Orthodoxy: its truths and errors, By James Freeman Clarke, 1866 (Unitarian).
"In the Christian Church, the history of this doctrine is interesting and important. Some sort of Triad, or Trinity, existed in very early times, although the Orthodox form was not established until later.
At first, the prevailing doctrine is that of subordination; that is, that the Son and the Spirit are inferior to the Father. But, as the Son and the Spirit were also called divine, those who thought thus were accused of believing in three Gods. Some then said, that the Father was alone divine; and these were called Monarchians. Others, wishing to retain the divinity of the Son and Spirit, and yet to believe in one God, said that the divinity in the Father, in the Son, and in the Spirit, was essentially the same, but that the divinity of the Father was the fountain from which that of the Son and Spirit was derived. This was fixed as Orthodox at the Council of Nice, A. D. 325, and was the beginning of Orthodoxy in the Church. It was a middle course between Scylla and Charybdis, which were represented on the one side by Arius, who maintained that the Son was created out of nothing; and by Sabellius on the other hand, who maintained that the Son was only a mode, manifestation, or name of God; God being called the Father, as Creator of the world; called Son, as Redeemer of the world; and Spirit, as Sanctifier of the world. The Council of Nice declared that the Son was not a manifestation of God, as Sabellius said, nor a creation by God, as Arius said, but a derivation from God.* Just as the essence of the fountain flows into the stream derived from it, so the essence of the Father flows into the Son, who is derived from him. Here, then, we have the three formulas of the early Church — that of Arius, who says, "The Son was created by the Father, and is inferior to him;" that of Sabellius, who says, " The Father, Son, and Spirit, are manifestations of God, and the same essence;" and Orthodoxy, as the Council of Nice, trying to stand between them, and saying, "The Son is derived from the Father, and is of the same essence with him."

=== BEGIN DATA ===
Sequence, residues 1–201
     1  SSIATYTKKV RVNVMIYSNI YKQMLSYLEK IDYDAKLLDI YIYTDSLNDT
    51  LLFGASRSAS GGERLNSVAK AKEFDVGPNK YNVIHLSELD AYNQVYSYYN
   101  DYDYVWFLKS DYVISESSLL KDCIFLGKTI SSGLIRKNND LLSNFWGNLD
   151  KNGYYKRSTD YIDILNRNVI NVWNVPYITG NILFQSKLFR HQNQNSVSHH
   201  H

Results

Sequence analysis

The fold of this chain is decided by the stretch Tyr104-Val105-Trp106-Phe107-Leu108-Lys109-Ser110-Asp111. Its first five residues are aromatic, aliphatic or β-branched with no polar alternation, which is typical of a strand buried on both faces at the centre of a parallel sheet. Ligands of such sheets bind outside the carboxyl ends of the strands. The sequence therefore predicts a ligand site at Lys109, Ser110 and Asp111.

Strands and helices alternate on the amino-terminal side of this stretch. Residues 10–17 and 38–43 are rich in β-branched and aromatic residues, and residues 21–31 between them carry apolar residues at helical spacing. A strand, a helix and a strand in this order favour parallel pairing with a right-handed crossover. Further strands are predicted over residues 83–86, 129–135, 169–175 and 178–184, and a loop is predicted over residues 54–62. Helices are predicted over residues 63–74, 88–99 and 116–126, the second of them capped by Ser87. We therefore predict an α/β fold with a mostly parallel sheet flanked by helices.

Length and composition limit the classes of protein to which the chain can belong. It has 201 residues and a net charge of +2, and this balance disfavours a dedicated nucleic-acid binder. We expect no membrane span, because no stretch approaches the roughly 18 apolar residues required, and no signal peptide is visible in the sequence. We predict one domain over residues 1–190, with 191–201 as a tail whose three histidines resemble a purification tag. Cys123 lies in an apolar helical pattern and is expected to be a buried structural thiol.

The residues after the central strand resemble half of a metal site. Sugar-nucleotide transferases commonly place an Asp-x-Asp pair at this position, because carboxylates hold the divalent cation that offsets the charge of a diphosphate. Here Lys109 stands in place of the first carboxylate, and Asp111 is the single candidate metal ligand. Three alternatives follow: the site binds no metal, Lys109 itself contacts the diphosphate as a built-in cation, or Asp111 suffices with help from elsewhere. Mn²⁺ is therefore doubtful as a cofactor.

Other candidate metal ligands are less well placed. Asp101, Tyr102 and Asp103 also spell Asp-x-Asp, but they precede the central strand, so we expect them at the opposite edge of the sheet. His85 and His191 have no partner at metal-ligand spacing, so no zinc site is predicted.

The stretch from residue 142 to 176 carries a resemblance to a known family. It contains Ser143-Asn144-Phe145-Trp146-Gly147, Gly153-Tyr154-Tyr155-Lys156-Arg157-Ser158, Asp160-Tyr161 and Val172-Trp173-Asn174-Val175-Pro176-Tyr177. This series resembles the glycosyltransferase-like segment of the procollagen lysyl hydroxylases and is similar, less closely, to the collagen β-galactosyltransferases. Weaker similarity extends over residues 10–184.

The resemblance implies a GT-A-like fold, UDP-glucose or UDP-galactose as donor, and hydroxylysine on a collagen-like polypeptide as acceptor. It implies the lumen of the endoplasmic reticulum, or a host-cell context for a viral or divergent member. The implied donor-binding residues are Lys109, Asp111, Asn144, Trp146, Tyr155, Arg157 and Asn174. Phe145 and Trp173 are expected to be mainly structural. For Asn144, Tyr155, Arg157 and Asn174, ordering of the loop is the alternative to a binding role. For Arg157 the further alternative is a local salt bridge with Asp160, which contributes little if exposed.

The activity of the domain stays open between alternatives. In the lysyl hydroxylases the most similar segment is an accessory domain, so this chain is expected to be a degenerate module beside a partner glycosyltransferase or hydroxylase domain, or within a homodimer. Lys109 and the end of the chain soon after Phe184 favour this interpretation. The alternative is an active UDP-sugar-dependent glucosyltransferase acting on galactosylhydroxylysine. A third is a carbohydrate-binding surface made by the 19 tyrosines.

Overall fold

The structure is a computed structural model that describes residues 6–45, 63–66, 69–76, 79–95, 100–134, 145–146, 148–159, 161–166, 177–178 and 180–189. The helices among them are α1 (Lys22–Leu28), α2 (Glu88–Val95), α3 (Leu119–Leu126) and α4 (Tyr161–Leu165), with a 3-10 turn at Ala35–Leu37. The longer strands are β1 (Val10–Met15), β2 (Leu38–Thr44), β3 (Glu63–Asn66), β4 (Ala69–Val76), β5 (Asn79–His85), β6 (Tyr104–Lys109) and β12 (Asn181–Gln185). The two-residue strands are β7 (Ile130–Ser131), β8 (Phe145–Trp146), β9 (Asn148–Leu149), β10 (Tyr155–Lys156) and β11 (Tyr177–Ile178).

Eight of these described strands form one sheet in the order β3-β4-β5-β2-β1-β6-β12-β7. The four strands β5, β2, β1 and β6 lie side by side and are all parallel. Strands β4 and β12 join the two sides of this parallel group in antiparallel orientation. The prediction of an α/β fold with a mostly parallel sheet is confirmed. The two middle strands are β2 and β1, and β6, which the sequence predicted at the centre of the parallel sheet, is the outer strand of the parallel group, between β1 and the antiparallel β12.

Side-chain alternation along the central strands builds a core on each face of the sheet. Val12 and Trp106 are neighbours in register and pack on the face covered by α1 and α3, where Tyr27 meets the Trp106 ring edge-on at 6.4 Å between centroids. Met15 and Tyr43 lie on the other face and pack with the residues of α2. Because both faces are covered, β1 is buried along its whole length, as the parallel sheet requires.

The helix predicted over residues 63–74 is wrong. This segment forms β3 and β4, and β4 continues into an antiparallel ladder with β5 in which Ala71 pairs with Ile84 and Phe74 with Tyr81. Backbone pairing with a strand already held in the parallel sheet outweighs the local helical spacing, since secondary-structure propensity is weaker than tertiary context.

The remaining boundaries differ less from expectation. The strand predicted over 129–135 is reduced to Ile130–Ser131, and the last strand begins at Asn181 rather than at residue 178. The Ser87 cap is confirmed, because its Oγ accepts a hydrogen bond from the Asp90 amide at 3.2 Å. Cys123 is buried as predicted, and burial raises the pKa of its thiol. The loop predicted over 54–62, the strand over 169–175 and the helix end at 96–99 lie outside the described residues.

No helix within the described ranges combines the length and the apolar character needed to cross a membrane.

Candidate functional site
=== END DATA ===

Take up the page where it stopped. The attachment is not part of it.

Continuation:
The Church, ever since, has been like a ship beating against head winds between opposing shores. It has stood on one tack to avoid Arianism or Tritheism, till it finds itself running into Sabellianism; then it goes about, and stands away till it comes near Arianism or Tritheism again. Unitarianism is on both sides: on one side in the form of one God, with a threefold manifestation of himself; on the other side in the form of a Supreme God, with the Son and Spirit subordinate. It has always been very hard to be Orthodox; for, to do so, one must distinguish the Persons, and yet not divide the substance, of the Deity. In keeping the three Persons distinctly separate, there was great danger of making three distinct Gods. On the other hand, if one tried to make the Unity distinct, there was danger that the Persons would grow shadowy, and disappear.
The heaviest charge against the Church doctrine of the Trinity is, that, driven to despair by these difficulties, it has at last made Orthodoxy consist, not in any sound belief, but only in sound phrases. It is not believing anything, but saying something, which now makes a man Orthodox. If you will only use the word " Trinity " in any sense, if you will only call Christ God in any sense, you are Orthodox." (emphasis supplied)